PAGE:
Is Jacques Chirac a late-blooming Leftist? Or just clever as an election nears?
An old adage attributed to Benjamin Disraeli, who was a prime minister of England in the 1800s, is that a man who is not a liberal at 16 has no heart; a man who is not a conservative at 60 has no head. What does that make French President Jacques Chirac?
Chirac, who will be 70 in November, appears to be doing a reverse-Disraeli. In recent weeks he has set about strongly endorsing causes typically far to the left of his conservative roots.
For example, Chirac claims to have been 'traumatised' by anti-globalisation demonstrations at last month's summit of industrialised nation leaders in Genoa.
One demonstrator was killed in the fury of the confrontation with Italian police.
And from listening to Chirac, one has to wonder if he would have been more comfortable being on the outside with the demonstrators than on the inside.
Of the demonstrators, he said: 'One can perfectly understand the concerns.'' Odd, as I know of very few who do understand. And he went on to say: 'France is probably the country closest in spirit' to the protests against globalisation. 'We want globalisation that is governed and humanised.''
Then again, maybe this isn't too surprising coming from Chirac, considering the presidential election in April. Chirac will face his arch political foe, Socialist Prime Minister Lionel Jospin.
So Chirac's overt pandering to the political left may be a crude political tactic. Chirac could be stealing an arrow from Jospin's quiver by going on record as being sceptical on globalisation.
However, other remarks are hard to figure.
Take Chirac's outburst at the Genoa G-7 meetings concerned Argentina's strained financial condition: 'We have to help. It's a matter of international solidarity. We will deploy all the means necessary to avoid collapse in Argentina.''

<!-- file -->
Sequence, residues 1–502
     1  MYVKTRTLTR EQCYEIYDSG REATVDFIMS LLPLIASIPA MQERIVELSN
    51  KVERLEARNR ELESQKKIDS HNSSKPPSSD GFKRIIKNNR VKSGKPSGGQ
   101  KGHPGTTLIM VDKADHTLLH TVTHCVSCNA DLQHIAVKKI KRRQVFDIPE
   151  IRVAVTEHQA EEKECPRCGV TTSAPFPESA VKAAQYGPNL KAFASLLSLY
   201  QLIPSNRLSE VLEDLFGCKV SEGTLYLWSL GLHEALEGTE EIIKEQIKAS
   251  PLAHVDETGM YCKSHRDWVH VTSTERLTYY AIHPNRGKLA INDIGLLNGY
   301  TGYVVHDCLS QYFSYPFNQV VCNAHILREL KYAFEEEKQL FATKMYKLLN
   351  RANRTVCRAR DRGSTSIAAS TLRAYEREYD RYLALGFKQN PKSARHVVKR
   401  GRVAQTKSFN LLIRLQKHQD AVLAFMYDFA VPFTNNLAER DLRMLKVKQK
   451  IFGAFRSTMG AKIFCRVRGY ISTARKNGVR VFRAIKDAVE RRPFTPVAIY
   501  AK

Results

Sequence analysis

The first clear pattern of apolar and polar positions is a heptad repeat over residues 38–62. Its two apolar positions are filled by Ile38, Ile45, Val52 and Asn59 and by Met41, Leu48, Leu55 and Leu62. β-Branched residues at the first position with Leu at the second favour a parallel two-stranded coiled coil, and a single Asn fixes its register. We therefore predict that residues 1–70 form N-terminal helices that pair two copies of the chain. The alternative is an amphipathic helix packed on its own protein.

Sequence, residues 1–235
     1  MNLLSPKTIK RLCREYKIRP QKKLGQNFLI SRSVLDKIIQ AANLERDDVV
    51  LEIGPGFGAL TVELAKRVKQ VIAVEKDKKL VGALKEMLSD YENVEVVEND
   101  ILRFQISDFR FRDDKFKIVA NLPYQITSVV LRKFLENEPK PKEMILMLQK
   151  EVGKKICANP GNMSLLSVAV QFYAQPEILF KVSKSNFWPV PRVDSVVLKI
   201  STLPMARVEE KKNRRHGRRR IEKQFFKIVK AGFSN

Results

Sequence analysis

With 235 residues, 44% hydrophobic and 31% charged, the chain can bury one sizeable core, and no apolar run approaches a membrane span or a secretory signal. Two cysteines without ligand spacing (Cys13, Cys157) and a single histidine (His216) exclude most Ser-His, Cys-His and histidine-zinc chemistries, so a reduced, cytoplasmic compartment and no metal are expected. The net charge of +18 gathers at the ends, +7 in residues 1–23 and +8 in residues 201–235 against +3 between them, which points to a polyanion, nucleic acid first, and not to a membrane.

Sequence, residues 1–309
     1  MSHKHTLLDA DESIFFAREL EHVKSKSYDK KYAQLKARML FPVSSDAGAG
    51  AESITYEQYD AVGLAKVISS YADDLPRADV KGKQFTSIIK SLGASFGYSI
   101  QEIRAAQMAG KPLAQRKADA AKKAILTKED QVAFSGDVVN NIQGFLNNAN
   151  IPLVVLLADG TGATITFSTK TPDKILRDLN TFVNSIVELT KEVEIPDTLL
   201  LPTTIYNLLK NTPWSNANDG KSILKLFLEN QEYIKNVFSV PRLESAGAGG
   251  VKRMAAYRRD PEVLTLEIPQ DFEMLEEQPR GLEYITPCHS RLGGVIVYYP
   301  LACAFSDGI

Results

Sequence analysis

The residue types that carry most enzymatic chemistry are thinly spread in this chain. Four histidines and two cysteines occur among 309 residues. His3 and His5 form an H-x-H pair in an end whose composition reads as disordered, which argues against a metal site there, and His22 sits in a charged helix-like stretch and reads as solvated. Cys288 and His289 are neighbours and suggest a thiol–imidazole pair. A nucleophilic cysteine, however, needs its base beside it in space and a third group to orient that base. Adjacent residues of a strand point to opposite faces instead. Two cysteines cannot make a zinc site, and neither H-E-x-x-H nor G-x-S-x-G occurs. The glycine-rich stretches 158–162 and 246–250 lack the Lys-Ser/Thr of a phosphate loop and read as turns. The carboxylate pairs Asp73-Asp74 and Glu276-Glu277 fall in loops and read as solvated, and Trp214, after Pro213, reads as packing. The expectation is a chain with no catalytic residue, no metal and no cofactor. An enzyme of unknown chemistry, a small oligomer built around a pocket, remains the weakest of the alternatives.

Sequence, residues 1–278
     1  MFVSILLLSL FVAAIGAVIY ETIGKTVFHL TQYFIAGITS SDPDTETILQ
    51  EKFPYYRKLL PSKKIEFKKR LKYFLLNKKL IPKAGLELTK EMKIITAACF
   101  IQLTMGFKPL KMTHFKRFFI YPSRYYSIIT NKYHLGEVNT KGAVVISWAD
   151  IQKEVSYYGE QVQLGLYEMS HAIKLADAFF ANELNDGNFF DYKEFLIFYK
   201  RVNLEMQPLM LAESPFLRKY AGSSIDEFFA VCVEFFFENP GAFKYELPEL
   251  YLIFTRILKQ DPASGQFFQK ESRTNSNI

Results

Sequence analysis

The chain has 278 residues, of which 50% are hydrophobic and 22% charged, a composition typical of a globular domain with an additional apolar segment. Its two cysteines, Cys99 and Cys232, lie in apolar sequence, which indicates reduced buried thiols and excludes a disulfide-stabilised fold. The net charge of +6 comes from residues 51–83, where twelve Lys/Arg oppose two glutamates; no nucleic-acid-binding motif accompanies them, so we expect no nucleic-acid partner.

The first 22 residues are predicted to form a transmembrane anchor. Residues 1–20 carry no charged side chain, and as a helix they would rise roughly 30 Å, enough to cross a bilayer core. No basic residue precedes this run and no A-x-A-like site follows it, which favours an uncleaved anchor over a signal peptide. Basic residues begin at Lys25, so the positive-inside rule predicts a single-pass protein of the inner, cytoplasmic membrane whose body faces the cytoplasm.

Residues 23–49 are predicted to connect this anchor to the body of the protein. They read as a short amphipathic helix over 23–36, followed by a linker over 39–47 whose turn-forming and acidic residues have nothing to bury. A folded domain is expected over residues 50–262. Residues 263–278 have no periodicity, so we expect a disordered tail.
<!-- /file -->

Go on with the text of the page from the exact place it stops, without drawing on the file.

That's a blank cheque. Those remarks were not part of the official communiquÃ©. Nor is it known if they were delivered in private to the delegates before they were told to reporters covering the summit.
The problem was that nobody quite knew whether Chirac was speaking for the others or just for himself.
It looks like the latter. And that makes Chirac the king of moral hazard. Rule for bondholders: memorise Chirac's telephone number.
If you are ever worried about losing your assets in a sovereign default, take a deep breath and dial up Jacques Chirac, the man who 'has to help'.
Chirac, for whatever motivation, is turning himself into the presidential equivalent of an ambulance chaser.
Another issue high on Chirac's agenda is inclusion of the Baltic states in the North Atlantic Treaty Organisation. Chirac said on July 28 that France could not help but support the candidacy of Estonia, Latvia and Lithuania at the Prague meeting of Nato leaders in December 2002.
That's all the more strange considering that Chirac has given demonstrative support for the European Union's being entrusted with protecting the continent.
Now he wants to expand Nato?
And furthermore, Chirac left officials from the Baltic states with the distinct impression that he sees membership in Nato and the European Union as two sides of the same coin.
We are left to wonder what Vladimir Putin thought of these developments.
Maybe Putin will realise Chirac was in the Baltic when he issued his words of support for Nato membership.
On a completely different level, these are strange statements to be coming from a seasoned politician.
As with his words on Argentina, 'we have to help'', he left himself no exit if he ever needed to change his mind about inducting the Balkans into Nato.
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